Brussels. 2 April 2001 (RFE/RL) -- Both the European Union and NATO today said they would be sending high-level delegations to Macedonia in the coming days to demonstrate their support for greater political dialogue between Macedonia's Slav majority and its ethnic Albanian minority.
The visits were announced today in Brussels by the EU's foreign policy chief Javier Solana and NATO's Secretary-General Lord George Robertson after a joint meeting of EU and NATO ambassadors. Solana said he was leaving for Skopje today. Robertson will follow tomorrow (3 April) for a two-day visit of both Macedonia and Kosovo, heading a delegation of 19 NATO ambassadors.
The joint meeting of EU and NATO ambassadors in Brussels this morning was the third of its kind. The purpose of the meetings is to streamline security and political cooperation between the two organizations. So far events in the Balkans have dominated each meeting.
Speaking after today's meeting, Robertson said there would be no duplication of efforts by either NATO or the EU. He said the consultations both delegations hold with Macedonian leaders would be complementary.
He said both NATO and the EU would be sending the same message to political leaders in the region.
"That message is that in a democracy a political route forward is the only way forward and in this context an intensified and broad political dialogue among all democratic parties is critical and must be pursued urgently."
Nevertheless, Robertson said international efforts to assist Macedonia must be carefully coordinated. He warned that Skopje's skies risk being "darkened" by the arrival of numerous envoys.
As the EU still has no military capabilities, NATO is clearly in charge of securing the border between Kosovo and Macedonia to prevent ethnic Albanian insurgents from bringing in fighters and arms. According to Robertson, KFOR's attempts to secure the border have met with some success and several suspected fighters have been arrested.
The EU, on the other hand, remains the most important donor of aid to Macedonia, having given 40 million euros (about $36 million) so far this year.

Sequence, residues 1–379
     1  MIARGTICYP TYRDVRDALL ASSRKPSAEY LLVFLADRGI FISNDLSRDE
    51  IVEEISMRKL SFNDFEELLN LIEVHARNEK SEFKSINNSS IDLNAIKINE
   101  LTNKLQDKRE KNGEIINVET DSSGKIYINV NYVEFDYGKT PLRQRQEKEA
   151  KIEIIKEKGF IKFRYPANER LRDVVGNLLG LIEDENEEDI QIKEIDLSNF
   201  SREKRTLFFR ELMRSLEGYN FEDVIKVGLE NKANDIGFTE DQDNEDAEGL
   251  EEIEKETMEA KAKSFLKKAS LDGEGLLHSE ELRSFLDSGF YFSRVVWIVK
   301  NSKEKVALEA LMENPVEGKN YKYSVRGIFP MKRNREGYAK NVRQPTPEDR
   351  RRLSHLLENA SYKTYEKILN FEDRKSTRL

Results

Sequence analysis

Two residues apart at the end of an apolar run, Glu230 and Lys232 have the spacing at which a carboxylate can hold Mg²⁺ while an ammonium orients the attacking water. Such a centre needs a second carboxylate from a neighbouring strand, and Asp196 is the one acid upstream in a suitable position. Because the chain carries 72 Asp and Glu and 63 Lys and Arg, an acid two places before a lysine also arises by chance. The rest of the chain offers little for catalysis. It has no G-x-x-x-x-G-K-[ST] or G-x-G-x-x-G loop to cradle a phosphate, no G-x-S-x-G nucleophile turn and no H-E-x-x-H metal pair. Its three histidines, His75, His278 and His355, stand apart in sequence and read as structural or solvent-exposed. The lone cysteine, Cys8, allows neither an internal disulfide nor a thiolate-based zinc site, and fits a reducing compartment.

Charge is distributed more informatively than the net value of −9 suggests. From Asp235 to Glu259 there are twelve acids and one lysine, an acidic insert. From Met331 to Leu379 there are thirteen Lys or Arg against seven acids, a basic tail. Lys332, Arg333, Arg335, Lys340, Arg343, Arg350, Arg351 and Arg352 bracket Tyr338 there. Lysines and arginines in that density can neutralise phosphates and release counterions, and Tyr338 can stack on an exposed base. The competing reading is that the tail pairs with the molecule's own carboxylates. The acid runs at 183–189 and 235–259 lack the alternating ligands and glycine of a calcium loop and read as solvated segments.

The EU is also dangling the promise of greater political integration before Macedonia. For this to happen, Solana said today, the EU expects greater political and economic reforms from Macedonia, and specifically, improvements in how inter-ethnic relations are managed.
He said the EU welcomed talks called by Macedonia's President Boris Trajkovski among all Macedonia's main parties aimed at reaching a political solution. Neither he nor Robertson, however, was ready to comment on whether they thought Macedonia needs to change its constitution to bolster the rights of the Albanian population.
Solana said the EU attaches great importance to next week's (9 April) signing of a Stability and Association Agreement with Macedonia -- the first of its kind between the Union and a Balkan country. Solana said he hoped to see the representatives of both the Slavic and Albanian communities at the signing ceremony in Luxembourg.
However, leaders of Albanian parties in Macedonia have indicated their presence would depend on whether the talks between the leaders of Macedonia's Slavs and Albanians yield satisfactory results.
Both George Robertson and Javier Solana also said today that they welcomed the arrest of Slobodan Milosevic in Belgrade over the weekend.
Although Robertson and Solana said they were confident Milosevic would eventually be brought before the International War Crimes Tribunal in The Hague, both were at pains to distance their organizations from any decision as to how and when this should take place. They said the decision would be a matter for the tribunal and Yugoslavia's government to decide.